Regardless of the Fedís balance sheet, quantitative tightening, or valuations, the near-record-low VIX slumping into the 9s back in December shows these stock markets are ripe for a major selloff anyway.  At absolute minimum, it needs to be a serious correction approaching 20%.  But with this stock bull so big, so old, and so fake thanks to the Fed, that selloff is almost certain to snowball into the long-overdue next bear.

 

And investors arenít taking the threat of a new bear seriously.  Crossing the bear threshold just requires a 20% retreat.  Even such a baby bear would erase all SPX gains since early 2017.  A normal bear market at this stage in the Long Valuation Waves is actually 50%, cutting stock prices in half!  That would wipe out fully 2/3rds of this entire mighty stock bull, dragging the SPX all the way back down to late-2012 levels.

 

Even more ominously, bear markets naturally following bulls tend to be proportional.  That makes sense since bearsí job is to rebalance sentiment and work off overvalued conditions.  So thereís a high chance this coming bear after such an anomalous Fed-goosed bull wonít stop at 50%!  The downside risks from here are incredibly dire after such a huge bull driven by extreme central-bank easing instead of corporate profits.

 

And that finally brings us to valuations, this old stock bullís core problem.  This final chart looks at the SPX superimposed over a couple key valuation metrics.  Both are derived from averaging the trailing-twelve-month price-to-earnings ratios of all 500 elite SPX companies.  The light-blue line is their simple average, while the dark-blue one is weighted by market capitalization.  Todayís valuations ought to terrify investors.

 

 

Every month at Zeal we look at the TTM P/Es of all 500 SPX companies.  At the end of May, the simple average of all SPX companies actually earning profits so they can have P/Es was still an astounding 31.2x!  Thatís literally in bubble territory, just as Trump had warned about during his campaign.  14x earnings is the historical fair value over a century and a quarter, and double that at 28x is where bubble levels start.

 

If you study the history of the stock markets, stock prices never do well for long starting from bubble valuations.  Such extreme stock prices relative to underlying corporate earnings streams actually herald the births of major new bear markets.  Again these usually cut stock prices in half.  So buying stocks here, late in a huge old bull market artificially levitated by the Fed, is the height of folly.  Massive losses are inevitable.

 

Wall Street hoped Republicansí massive corporate tax cuts would fuel exploding profits to force bubble valuations lower.  But while earnings for most top US companies indeed surged in Q1í18 which was the first quarter under this new lower-tax regime, that still didnít meaningfully moderate overall valuations.  The last 6 months of SPX valuation data is very ominous, showing continuous bubble-grade extremes.

 

At the end of December 2017, the simple-average trailing-twelve-month price-to-earnings ratio of all 500 SPX companies was 30.7x.  That was well into bubble territory above 28x before these record corporate tax cuts went into effect.  That number was conservative too, as we truncate all P/Es at a maximum of 100x to minimize the skewing effect of outliers.  So absurd 100x+ valuations like Amazonís arenít fully reflected.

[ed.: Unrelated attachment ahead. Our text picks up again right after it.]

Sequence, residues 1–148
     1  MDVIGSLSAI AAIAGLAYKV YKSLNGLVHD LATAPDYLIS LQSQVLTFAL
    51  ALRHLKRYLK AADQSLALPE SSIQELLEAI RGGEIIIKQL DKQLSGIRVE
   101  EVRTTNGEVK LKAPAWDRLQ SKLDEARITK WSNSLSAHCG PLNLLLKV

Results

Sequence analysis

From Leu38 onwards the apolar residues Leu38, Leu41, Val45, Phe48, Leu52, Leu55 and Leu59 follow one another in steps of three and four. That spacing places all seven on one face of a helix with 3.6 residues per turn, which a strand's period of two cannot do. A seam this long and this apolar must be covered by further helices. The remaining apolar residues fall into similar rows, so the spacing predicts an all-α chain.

By the end of January 2018 soon after the SPX peaked in extreme taxphoria, that metric rose to 31.8x.  Despite that sharp yet minor correction in early February, valuations merely retreated to 31.5x at the end of that month and 30.5x by the end of March.  None of those months reflected the corporate tax cuts yet, since those Q1í18 earnings werenít reported until early Q2.  Even I figured they would push bubble P/Es lower.

 

Yet at the ends of April and May, the SPXís simple-average TTM P/Es were still way up at 30.8x and 31.2x!  The new end-of-June data wasnít available yet as this essay was published, but odds are valuations remain deep into dangerous bubble territory.  The stock markets rallied strongly in early June, while capital increasingly concentrated in the market-darling tech stocks which tend to be super-expensive.

 

Remember stock markets perpetually meander through alternating bull-bear cycles.  Back in late 2012 before the Fed stepped in to try and brazenly short-circuit these valuation-driven cycles, valuations were actually in a secular-bear downtrend.  After secular bulls drive valuations to bubble extremes, with greed forcing stock prices far beyond underlying corporate earnings, secular bears emerge to reverse those excesses.

 

During secular bears, stock prices grind sideways on balance for long enough for profits to catch up with lofty stock prices.  Before QE3 temporarily broke stock-market cycles, that process had been happening as normal between 2000 to 2012.  Secular bears donít end until valuations get to half fair value, 7x earnings.  So instead of being into bubble levels, valuations would normally be between 7x to 10x today.

 

Thatís the massive downside risk stocks face due to their Fed-conjured bubble valuations!  While the red line above shows the actual SPX, the white line shows where it would be trading at 14x fair value.  Even that is way down around 1125 today, less than half current levels!  But mean reversions from extremes nearly always overshoot in the opposite direction, so the potential SPX bear-market bottom is much lower.

 

Sadly Wall Street will never bother telling investors that valuations matter.  Stock-market history proves beyond all doubt that buying stocks high in valuation terms nearly always leads to considerable-to-huge losses.  All the financial industry cares about is keeping people fully invested no matter what, since that maximizes their fees derived from percentages of assets under management.  Talk about conflicts of interest!